There is a related crisis that requires all of us to speak out and speak up. There are illegal voter suppression efforts in many states, often aimed at lower income and minority communities. Evidence suggests this is a Republican tactic to improperly influence the results of elections and help their candidates in races they fear are too close or lean Democratic. These nefarious efforts include limiting the number of polling places in targeted areas to create significant hardship for voters in those communities and discourage them from voting. Some cannot travel the extra distance or take the extra time needed while others are frustrated by the extra-long lines and give up. In other places, officials close the polls early or while there are still voters waiting in line (which is illegal), preventing them from casting a ballot.
In some locations, officials manipulate voter registration, creating “clerical errors” that tend to disqualify people that had actually registered to vote. For example, in Georgia, Republican Secretary of State Kemp, who is in a tight race for Governor, has reportedly invalidated over 50,000 new voter registrations this year that come primarily from minority and Democratic neighborhoods. Since 2012, he has canceled over 1.4 million registrations. These individuals are not told in advance, so when they show up to vote, they are turned away, told there is a problem with their registration, but not told what the problem is in order to fix it. The clear result is the improper suppression of these votes which tactic will work to the advantage of GOP candidates.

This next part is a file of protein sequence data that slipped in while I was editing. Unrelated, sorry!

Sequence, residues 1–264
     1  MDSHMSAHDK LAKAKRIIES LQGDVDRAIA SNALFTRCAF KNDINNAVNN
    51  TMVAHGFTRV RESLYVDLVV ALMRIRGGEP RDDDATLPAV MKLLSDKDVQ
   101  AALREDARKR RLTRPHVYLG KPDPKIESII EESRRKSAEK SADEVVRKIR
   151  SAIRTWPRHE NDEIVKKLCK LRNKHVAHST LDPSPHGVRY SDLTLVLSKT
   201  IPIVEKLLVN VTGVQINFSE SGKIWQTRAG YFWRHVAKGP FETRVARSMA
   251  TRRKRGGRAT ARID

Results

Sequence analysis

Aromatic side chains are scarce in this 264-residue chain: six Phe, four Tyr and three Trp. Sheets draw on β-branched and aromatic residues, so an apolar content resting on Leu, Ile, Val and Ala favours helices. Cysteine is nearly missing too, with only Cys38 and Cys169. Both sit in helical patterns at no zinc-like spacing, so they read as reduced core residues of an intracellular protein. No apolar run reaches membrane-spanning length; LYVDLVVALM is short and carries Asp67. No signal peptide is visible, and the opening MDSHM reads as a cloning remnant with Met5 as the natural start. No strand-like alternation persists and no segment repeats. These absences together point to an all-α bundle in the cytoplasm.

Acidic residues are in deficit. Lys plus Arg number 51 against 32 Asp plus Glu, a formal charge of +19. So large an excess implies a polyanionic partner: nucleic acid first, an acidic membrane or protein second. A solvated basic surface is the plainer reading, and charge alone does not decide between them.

There are widespread efforts exploiting social media and the internet intended to suppress or impact the vote. These efforts push known fabricated, often inflammatory stories about a candidate to weaken support for that candidate. This is part of what Russian operatives were doing in 2016 to hurt candidate Clinton. However, not all such enemies of democracy are foreign. There are domestic political action groups, predominantly focused on advocating for conservative issues, doing much the same thing in races across the country. These repugnant misinformation campaigns may result in even greater voter suppression as voters may be influenced to stay home or switch their support after reading the stories and mistakenly believing the messages.
I would much rather lose an election based on accurate vote counts and an honest campaign than win an election by fraud, disenfranchising voters, and spreading entirely fictitious stories. The election process must be sacred. Anyone claiming they are fit to serve and lead this nation at any level should agree. Yet these reprehensible efforts continue. Due to this and other troublesome aspects of contemporary elections, many Americans are prevented from voting or choose not to vote. The U.S. represents the birth of democracy. We have fought wars for almost 250 years to preserve it. People from around the world fight to come here just to experience democracy and vote. People need to be informed and they need to go to the polls. It is our country and our future at stake. Do not let the enemies of democracy win.